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including perspectives: the fold and butoh dance

My interest here is to overlap Deleuze’s (and Leibniz incorporated through the lens of Deleuze) approaches to the fold, Baroque and perception to Butoh Dance.

The video lecture starts with Deleuze informing his students that the department of Philosophy wants to do experiment with video recordings. This instance bring forward the theme of the lecture: including perspectives and the fold.

Here are discussed the Baroque, Leibniz and the fold progressing into Pascal’s triangle to then tackle the problem of perspectives: (here below is a piece of text translated by me from the video lecture)

Is there a universal point of view, a universal perspective? Possible, but it does not suppress the single point of perceptions. In front of something either you say “it doesn’t matter” this being total chaos or you start building your point of view.

How to build perspectives that allow me to incorporate and order also the opposites? The genetic element is a view point – a single the view point is the genetic element.

How do we get there? Deleuze reflects on the Baroque practice of rounding corners- “arrondissement des coins“: to make folds to infinite rounded corners. All corners are rounded by the infinite folding. Leibniz does same. It takes the folds and brings it to the infinite.

In Butoh dance, is there a similar process? Can I perceive the folds in my body? to find a fold – unfolding refolding – can this imply the doing folding and unfolding through edges, warps and creation?. Hijikata asked “what is a warped body?” There is a sort of parallel between the fold and the warped body. The rounding of corners to create an inflection of variable curve in the body can be understood as becoming warped and creating the warped. This movement of breaking lines in Butoh dance and becoming warped is fundamental for creation.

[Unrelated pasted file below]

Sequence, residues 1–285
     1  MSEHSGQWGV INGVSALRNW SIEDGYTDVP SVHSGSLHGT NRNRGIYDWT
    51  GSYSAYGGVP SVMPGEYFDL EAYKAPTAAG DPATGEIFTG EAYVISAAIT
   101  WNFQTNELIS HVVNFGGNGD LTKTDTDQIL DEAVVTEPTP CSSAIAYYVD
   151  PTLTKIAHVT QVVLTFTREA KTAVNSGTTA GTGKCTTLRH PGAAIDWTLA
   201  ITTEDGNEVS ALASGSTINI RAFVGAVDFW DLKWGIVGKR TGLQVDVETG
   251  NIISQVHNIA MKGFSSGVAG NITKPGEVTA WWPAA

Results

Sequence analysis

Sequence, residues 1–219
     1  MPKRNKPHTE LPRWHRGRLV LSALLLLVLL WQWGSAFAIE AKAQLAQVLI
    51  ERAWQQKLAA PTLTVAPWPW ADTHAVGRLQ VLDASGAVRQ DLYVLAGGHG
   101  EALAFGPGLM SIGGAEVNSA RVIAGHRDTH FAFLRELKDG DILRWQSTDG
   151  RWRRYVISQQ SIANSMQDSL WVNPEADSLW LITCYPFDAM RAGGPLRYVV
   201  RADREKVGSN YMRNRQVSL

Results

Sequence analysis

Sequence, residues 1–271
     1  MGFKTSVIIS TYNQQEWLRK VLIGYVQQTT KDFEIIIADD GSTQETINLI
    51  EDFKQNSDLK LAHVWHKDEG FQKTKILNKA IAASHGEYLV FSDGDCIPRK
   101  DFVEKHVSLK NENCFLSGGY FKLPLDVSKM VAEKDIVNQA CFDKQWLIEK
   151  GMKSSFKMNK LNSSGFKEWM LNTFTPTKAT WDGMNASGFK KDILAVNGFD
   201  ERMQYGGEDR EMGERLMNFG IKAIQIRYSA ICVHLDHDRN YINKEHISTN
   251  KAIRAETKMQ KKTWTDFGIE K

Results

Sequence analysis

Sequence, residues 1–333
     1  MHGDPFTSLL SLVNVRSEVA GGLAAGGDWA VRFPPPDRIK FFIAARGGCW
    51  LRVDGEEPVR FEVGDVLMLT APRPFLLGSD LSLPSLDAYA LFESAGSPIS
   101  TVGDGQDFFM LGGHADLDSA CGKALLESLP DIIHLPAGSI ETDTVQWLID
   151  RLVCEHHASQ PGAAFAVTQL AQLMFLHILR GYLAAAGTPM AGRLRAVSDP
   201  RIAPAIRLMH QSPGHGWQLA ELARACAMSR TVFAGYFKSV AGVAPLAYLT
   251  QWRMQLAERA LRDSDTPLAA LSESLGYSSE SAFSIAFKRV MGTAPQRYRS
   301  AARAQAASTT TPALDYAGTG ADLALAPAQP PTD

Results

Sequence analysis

Hijikata’s Butoh body-method notation details the work moved by questions that saw him engaged twenty four hours to attain the warped-body*, to dig into to, unravel and bring into dance:

“Hijikata investigated in the warped qualia through the life. he finally dig out the deepest warped qualia as his last butoh dance: A girl. The dead sister was one of the deepest warped qualia for him. Why his favourite sister had to leave from home when he was child and had to sell her body in a foreign city.
It was a unsolved mystery for him in his childhood. He investigated it through his life. And finally he could success to reverse the warped qualia as the creation of the butoh”**

While unwarping/warping we meet edges, corners, we meet folds and we unfold, and as we move, we encounter infinite bifurcations. In this regards, Deleuze looks at folds and sees a bifurcation into which the fold distributes; a low and high plane. The low plane problem is concerned with the folding of the material submitted to the infinite. Material folding constitutes the physical and elastic body that possess the capacity of folding/unfolding, implicate/explicate, envelop/develop. To fold is to involve and to unfold is to evolve our body. These are all notions that manifest in the fold.